THE BLOG
12/20/2012 11:01 am ET | Updated Feb 02, 2016

The Cold Shoulder at Christmas: Family Holidays With a Transgender Daughter

I am a senior member of a large blended family that includes step-siblings, exes, in-laws and friends. When I visit my grandchildren, I sometimes quiz them to see whether they can follow the tangled branches of our family tree. I will say something like, "Papa Derry was once married to Grammy Marlys, true or false?" "False!" they will yell, though I can sometimes confuse them with first and second cousins.

Eight years ago, my daughter Nicole introduced a new twist to our motley tribe. She was Nick at the time, the best son a man could ask for, but -- unbeknownst to the rest of the family -- she had always identified as a woman. When Nicole decided to become her authentic self, I was startled and unsure -- but time, education and counseling have made our parent/child relationship stronger than ever. Unfortunately, the same cannot be said for our extended family.

Prior to Nicki's transition, Christmas was a delightful family-filled time, with everyone vacationing in one big rented house on the beach or in the mountains. Sometimes there would be as many as 20 people playing games, opening presents, and sharing large dinners. One Christmas, I looked around the dinner table and realized the only person with whom I had a blood relationship was my son, Nick.

Soon after Nick began to transition to Nicole, she and her wife divorced. While the mother of my grandchildren was as kind and forgiving as one would hope for, the traditional Christmas with all of us together was, in her mind, out of the question.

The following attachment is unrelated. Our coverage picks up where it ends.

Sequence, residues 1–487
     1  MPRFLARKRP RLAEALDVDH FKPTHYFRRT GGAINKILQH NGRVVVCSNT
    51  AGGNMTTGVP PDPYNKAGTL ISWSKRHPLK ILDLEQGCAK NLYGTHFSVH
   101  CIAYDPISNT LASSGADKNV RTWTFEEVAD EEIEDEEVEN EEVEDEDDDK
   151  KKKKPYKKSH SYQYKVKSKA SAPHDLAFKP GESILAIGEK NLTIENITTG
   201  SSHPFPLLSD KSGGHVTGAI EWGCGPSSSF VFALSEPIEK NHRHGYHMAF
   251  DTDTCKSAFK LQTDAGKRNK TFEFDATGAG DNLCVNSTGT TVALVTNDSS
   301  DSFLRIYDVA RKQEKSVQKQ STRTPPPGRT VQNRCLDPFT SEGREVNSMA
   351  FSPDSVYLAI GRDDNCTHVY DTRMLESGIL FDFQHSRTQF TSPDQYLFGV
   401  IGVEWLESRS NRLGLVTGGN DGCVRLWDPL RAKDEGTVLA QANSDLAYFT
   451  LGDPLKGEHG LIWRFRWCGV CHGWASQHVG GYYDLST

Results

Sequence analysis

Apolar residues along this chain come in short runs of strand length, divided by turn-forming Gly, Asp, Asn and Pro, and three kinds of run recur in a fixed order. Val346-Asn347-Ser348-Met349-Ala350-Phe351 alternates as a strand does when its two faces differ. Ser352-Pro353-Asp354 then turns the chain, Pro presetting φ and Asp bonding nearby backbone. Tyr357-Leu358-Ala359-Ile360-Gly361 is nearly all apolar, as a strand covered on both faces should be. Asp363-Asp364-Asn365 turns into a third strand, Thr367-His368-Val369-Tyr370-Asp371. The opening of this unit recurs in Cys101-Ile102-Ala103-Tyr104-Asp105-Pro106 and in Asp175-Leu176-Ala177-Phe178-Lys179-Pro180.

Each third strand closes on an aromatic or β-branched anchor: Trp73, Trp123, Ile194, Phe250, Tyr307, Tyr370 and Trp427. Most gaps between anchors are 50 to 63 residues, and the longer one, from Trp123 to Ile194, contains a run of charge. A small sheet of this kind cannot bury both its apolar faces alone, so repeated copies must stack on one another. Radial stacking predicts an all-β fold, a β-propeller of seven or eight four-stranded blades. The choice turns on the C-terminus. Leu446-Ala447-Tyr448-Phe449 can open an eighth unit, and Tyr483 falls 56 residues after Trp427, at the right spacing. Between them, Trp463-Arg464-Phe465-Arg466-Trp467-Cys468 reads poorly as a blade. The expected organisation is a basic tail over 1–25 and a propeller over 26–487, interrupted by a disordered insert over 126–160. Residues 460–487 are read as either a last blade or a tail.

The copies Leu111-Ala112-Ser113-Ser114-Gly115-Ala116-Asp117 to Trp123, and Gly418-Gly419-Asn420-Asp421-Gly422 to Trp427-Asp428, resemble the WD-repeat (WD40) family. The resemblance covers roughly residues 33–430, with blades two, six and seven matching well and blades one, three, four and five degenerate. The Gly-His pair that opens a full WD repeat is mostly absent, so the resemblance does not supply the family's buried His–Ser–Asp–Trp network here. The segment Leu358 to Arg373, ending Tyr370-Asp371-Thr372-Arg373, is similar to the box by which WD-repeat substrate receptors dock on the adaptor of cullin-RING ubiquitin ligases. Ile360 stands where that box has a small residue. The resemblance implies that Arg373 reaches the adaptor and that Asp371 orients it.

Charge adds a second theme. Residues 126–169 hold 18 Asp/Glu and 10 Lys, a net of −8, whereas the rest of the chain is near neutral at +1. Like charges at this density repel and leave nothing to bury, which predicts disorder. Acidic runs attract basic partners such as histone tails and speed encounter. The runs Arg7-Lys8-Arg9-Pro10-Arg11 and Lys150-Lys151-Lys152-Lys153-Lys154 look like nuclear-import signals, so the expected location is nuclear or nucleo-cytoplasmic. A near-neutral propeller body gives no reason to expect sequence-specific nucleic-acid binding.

The rest of the extended family was also affected by this change. One person wrote a long holiday newsletter that mentioned every member of the family -- except Nicole and her kids. Whether this omission was intentional or accidental, it stung. Nicole couldn't help but feel it as an editorial comment on her new life.

Now, when Nicole approached the subject of a family holiday, she received excuses and regrets. One year, my wife and I invited Nicole's former in-laws to dine with our grandchildren. Dinner at a Chinese restaurant was pleasant, but it was not the same as sitting around the tree, exchanging joke gifts, and telling family stories. While they were polite and cordial, we noticed that discussing my daughter's life was simply out of the question. To my alarm, my grandson referred to Nicole as "the family secret." I appreciated his honesty, but my daughter, whom I cherish, is anything but a secret.

I wonder how many families have had a similar experience, where discomfort with a gay or transgender family member signals the end of beloved family traditions? How many gay sons, daughters, brothers, and sisters spend Christmas, New Year's, Thanksgiving, or the Fourth of July alone while the rest of the family celebrates with turkey or fireworks? How many gay fathers or mothers, who have come out of the closet, receive only a phone call on a holiday rather than a hug from their children? How many close-knit families have become distant over the issue of a child's gender or sexual orientation?

We celebrate the holidays as a time of love and understanding. They should be a season to reach out to family members who have been left out because of their gender or sexual orientation. Make a phone call. Send an email. Tell them, "I can't wait for us to get together for the holidays."

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